In continuation of the embedded control applications explained in Part 2, let’s now examine the use of inbuilt functions of AVR ATmega8535 (such as output compare, ADC and UART) for various applications.
PWM operation of ATmega8535
When the AVR is configured for pulse-width modulated (PWM) operation, the PWM outputs become available at output-compare pins 18 (OC1A) and 19 (OC1B) of ATmega8535. PWM, in conjunction with an analogue filter, can be used to generate analogue output signals and thus it serves as a digital-to-analogue converter.
Principle of pulse-width modulation. To generate different analogue levels, the duty cycle and thereby the pulse-width of the digital signal (base frequency) is changed. If a high analogue level is needed, the pulse width is increased and vice versa (see Figs 15 and 16).
A digital pulse train with a constant period (fixed base frequency) is used as the basis. The base frequency, which can be programmed suitably, should be much higher than the frequency of the output analogue signal obtained after filtering out the base frequency component. For example, to generate a sinewave signal of low frequency (say, 10 Hz, as used for drives or controls), the base frequency of rectangular pulses (with varying duty cycle) may be of the order of 1 kHz or more.
Pulse generation method. The scheme for pulse generation is as follows: Timer/counter 1 is used to count clock ticks. If 8-bit PWM is selected, after the timer counts up to ‘255,’ its count is decremented with each clock tick. Thus, the number increases up to ‘255’ and then decreases, resembling a triangular pattern.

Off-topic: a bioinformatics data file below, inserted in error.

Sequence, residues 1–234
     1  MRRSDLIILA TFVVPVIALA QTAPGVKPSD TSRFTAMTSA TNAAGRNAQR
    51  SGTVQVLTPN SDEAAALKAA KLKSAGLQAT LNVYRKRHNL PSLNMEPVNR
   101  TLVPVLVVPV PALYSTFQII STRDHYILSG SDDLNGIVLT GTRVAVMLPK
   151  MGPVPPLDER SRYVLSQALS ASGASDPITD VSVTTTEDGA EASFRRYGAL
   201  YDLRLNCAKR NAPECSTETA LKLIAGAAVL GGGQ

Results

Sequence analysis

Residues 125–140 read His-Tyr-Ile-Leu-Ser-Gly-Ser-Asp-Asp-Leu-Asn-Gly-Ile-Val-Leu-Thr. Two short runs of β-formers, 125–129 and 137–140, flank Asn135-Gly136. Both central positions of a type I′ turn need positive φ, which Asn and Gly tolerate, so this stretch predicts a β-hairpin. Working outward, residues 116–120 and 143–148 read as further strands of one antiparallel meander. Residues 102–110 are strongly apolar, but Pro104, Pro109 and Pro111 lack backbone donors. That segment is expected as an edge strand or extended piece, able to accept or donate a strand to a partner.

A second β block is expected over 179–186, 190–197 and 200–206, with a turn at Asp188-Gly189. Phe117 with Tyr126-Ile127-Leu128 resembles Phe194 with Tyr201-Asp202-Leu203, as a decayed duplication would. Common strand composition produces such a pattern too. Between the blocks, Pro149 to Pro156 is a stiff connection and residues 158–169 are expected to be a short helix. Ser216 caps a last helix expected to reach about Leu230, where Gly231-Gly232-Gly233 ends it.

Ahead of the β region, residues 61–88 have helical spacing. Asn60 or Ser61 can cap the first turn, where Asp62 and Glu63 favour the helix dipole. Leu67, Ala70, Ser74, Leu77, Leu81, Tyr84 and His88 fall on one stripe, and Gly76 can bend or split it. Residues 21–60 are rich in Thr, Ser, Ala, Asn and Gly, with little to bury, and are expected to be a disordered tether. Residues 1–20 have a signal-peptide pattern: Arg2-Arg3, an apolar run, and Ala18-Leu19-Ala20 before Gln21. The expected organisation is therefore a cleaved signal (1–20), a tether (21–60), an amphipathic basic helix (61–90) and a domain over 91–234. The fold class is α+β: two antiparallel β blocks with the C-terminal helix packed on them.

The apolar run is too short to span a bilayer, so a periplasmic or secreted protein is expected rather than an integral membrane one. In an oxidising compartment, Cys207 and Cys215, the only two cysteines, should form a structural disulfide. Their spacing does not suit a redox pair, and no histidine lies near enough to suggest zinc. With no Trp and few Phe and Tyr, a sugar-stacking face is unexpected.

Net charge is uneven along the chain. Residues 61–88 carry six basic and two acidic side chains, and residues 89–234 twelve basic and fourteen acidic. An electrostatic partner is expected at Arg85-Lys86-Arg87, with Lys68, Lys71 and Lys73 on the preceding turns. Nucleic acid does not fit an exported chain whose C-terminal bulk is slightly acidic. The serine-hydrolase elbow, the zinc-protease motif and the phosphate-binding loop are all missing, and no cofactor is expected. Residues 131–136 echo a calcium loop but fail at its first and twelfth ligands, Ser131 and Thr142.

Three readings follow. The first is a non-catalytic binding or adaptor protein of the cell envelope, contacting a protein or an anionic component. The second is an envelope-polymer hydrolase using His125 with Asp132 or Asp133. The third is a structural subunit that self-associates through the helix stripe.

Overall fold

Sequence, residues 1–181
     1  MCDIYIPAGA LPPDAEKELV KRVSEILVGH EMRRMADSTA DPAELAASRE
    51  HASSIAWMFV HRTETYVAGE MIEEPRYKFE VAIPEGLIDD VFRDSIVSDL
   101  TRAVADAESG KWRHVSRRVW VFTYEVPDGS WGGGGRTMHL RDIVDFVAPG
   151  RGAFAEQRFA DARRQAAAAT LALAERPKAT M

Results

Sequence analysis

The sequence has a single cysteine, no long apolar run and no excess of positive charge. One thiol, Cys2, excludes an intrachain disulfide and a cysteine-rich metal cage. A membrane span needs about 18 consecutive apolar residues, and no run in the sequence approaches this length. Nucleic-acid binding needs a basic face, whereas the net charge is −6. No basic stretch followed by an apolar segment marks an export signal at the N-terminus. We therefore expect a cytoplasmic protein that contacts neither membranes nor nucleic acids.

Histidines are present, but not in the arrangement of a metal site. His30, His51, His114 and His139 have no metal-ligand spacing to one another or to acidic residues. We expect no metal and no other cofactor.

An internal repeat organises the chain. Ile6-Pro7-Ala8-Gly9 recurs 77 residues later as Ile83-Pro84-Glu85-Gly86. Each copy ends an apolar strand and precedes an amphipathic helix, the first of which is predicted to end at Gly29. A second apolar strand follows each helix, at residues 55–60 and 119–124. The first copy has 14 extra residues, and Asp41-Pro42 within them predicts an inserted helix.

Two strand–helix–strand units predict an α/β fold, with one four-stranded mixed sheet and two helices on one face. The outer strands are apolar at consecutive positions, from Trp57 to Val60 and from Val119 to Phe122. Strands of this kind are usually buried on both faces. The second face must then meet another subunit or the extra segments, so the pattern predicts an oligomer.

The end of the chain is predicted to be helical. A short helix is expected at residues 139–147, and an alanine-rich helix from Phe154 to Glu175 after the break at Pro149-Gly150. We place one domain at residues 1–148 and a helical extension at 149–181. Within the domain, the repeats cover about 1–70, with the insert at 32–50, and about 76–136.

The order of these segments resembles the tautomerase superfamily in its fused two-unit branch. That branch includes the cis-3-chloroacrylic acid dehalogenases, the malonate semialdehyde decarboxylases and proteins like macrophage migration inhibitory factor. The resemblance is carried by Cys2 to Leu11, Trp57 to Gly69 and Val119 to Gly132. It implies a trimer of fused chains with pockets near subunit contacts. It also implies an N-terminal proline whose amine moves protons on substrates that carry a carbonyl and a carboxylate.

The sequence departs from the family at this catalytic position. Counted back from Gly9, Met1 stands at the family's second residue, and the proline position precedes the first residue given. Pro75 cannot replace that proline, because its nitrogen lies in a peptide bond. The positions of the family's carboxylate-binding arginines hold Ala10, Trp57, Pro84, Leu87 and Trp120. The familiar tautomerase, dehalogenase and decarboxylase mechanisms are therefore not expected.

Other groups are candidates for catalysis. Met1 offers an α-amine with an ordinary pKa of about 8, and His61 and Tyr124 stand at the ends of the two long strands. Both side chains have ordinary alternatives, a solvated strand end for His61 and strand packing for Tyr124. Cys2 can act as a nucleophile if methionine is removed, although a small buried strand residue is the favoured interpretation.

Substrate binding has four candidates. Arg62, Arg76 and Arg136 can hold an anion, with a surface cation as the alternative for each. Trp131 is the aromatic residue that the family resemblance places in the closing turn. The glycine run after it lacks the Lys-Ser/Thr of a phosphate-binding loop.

When the number stored in the output-compare register (OCR) matches the loaded count value, pin 19 (output-compare action pin) becomes high or low, as programmed. For example, if the OCR is loaded with a value of ‘l00,’ the logic state of OCR pin will be:
Count value OCR pin
0 to 100 Low logic
100 to 255 High logic
255 to 100 High logic
100 to 0 Low logic
Thus, for the total time taken to count 255×2=510 clock ticks, the output pin (pin 19) will be high for (2×155)/(2×256) or 60.5 per cent of the total triangular wave time of one PWM pulse (or the PWM pulse will have a duty cycle of 60.5 per cent). Thus, effectively the voltage transmitted in this period is 60.5 per cent of the maximum, because the pulse is high only for this period of time.
The following program (avrsine.asm) will generate a 1Hz sine wave (after filtering) on pin 19 using PWM:
For observation of the sine wave on an oscilloscope, use a low-pass filter comprising a 1-kilo-ohm resistor (series element) and a 1µF capacitor (shunt element). However, with an analogue multimeter, the sine wave can be directly observed at pin 19.
In the avrsine.asm program, for each of the triangle wave periods, we read a table of sine values (multiplied by ‘256’) and load these values one by one into the OCR. Since the values vary in a sinusoidal pattern, the pulses that come out are also pulse-width modulated as per these values (see the oscilloscope pattern shown in Fig. 16).
To do the table look-up (as given in the example program ‘LCD Table.ASM’ of Part 1), the LPM instruction is used. The Z register is used as an indirect indexed register. As stated earlier, the LPM instruction fetches from the table one byte into r0. The actual loading of the OCR value is done by the instruction:
where OCR1AL refers to pin 19. (OCR1BL refers to pin 18, which is not used here.)